MSC criticized by UK politicians for tuna FAD policies
A group of members of Parliament in the United Kingdom is calling for the Marine Stewardship Council to change its standards to eliminate its allowance of tuna-fishing boats to catch both certified and non-certified fish in the same trip.
The group includes Richard Benyon, Zac Goldsmith, James Heappey, and John McNally. All are affiliated with the “On the Hook” advocacy group, which was created earlier this year to challenge the MSC’s recertification of the tuna fishery in waters controlled by the Parties to the Nauru Agreement.
Currently, MSC’s standards allow vessels to utilize fish aggregating devices (FADs) on the same fishing trips where they catch MSC-certified, FAD-free tuna. The practice is common in the Parties to the Nauru Agreement’s MSC-certified fishery, which is currently under review. The MSC recently announced it will be reviewing its standards, but the process will not be completed until August 2018 at the earliest – long after a decision is expected on the PNA fishery’s recertification.
The four MPs critiqued the MSC’s FAD policy during a Westminster Hall debate on 14 November. Member of Parliament James Heappey called on MSC to change its standards.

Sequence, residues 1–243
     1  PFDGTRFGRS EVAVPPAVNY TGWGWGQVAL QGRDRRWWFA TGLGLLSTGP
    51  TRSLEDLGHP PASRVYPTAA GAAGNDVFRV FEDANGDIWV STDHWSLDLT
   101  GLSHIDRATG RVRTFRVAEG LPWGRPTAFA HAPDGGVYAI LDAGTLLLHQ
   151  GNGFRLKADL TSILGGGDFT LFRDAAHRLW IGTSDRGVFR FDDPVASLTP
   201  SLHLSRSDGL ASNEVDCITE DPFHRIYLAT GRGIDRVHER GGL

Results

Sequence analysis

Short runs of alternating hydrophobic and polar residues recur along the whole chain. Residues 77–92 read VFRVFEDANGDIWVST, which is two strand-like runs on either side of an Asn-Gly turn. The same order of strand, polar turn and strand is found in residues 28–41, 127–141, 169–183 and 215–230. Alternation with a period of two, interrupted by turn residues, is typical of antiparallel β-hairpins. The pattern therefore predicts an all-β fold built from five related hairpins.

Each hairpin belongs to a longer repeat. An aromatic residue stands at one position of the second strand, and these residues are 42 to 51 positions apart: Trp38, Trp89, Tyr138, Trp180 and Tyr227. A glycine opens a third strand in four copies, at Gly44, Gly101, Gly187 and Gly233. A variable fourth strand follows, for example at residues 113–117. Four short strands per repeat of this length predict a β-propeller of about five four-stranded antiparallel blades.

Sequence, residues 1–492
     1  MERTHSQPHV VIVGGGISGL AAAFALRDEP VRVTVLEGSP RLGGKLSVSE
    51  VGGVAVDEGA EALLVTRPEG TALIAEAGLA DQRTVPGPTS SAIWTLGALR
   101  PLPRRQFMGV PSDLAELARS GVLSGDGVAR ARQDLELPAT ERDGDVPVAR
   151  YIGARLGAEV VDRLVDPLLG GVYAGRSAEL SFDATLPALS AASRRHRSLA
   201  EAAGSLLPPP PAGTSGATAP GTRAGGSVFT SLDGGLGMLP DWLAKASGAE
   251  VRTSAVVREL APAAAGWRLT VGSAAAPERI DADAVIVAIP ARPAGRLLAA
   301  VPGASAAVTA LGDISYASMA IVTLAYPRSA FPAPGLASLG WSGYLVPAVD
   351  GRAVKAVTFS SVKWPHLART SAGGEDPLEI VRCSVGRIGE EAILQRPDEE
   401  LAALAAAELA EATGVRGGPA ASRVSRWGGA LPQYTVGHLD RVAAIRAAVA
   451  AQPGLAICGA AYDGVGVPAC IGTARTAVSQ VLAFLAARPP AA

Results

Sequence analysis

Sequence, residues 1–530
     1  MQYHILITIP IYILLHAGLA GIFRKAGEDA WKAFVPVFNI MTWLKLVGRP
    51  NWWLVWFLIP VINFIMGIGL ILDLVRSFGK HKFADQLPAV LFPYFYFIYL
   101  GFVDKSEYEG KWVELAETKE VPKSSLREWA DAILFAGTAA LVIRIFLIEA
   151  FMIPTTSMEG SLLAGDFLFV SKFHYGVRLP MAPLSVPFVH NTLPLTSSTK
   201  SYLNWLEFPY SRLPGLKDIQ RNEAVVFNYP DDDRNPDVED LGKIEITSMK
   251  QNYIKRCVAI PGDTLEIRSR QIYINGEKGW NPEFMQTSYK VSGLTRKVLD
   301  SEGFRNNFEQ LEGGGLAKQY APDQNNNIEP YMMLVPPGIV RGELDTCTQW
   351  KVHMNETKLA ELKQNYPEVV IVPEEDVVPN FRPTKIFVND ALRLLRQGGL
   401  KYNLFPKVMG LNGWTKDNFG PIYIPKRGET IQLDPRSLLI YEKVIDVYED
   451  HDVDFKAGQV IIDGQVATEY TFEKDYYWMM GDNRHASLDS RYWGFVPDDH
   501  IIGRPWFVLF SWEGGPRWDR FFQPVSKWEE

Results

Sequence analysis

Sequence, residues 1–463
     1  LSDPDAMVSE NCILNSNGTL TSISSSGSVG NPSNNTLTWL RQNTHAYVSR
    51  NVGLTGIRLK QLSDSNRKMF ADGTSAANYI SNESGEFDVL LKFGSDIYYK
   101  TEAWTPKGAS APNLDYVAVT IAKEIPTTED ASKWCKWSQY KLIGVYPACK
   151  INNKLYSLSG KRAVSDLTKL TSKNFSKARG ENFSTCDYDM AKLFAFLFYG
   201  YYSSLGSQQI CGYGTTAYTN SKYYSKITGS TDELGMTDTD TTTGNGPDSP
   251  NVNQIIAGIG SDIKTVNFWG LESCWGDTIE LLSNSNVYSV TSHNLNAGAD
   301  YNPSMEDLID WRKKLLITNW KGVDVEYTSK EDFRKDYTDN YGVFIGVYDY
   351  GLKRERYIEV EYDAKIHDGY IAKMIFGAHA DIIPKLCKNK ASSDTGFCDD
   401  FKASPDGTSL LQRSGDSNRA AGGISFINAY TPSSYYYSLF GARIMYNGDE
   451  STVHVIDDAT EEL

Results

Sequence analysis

“The debate showed that MPs have been keeping a very close eye on the situation with the re-certification of the PNA. Although presented with several opportunities to do so, the MSC have failed to allay the fears of parliamentarians who do not think their standards are good enough,” Heappey said. “It is unacceptable that a vessel and crew can use the same fishing nets one day to catch tuna sustainably – receiving the MSC certification – and then on the same day, be hauling tuna along with turtles, sharks, juvenile tuna and other protected species unsustainably. People expect a product with an MSC logo to have been sustainably sourced from a wholly sustainable fishery. If that is not what the logo means anymore, we simply cannot trust the organization.”
The British government can and should take action against the MSC since the nonprofit is based in the U.K, Benyon said.
“The Marine Stewardship Council is the only show in town in terms of accreditation of sustainable fisheries,” Benyon said. “It is a U.K.-registered, U.K.-based charity so we are right to hold it to account. It has messed up here and there is a very good chance that it could reaccredit an unsustainable fishery.”
The MSC acknowledged the complaints from On the Hook in a September 2017 SeafoodSource op-ed, and said it had developed “three potential options to address these concerns.”
“These will go to formal consultation with stakeholders from 1 September. Following this consultation, feedback and options will be considered by our stakeholder and technical advisory groups, and a recommendation put to the MSC Board in January 2018,” MSC wrote. “We hope that all those involved on the On the Hook campaign will participate in this process.”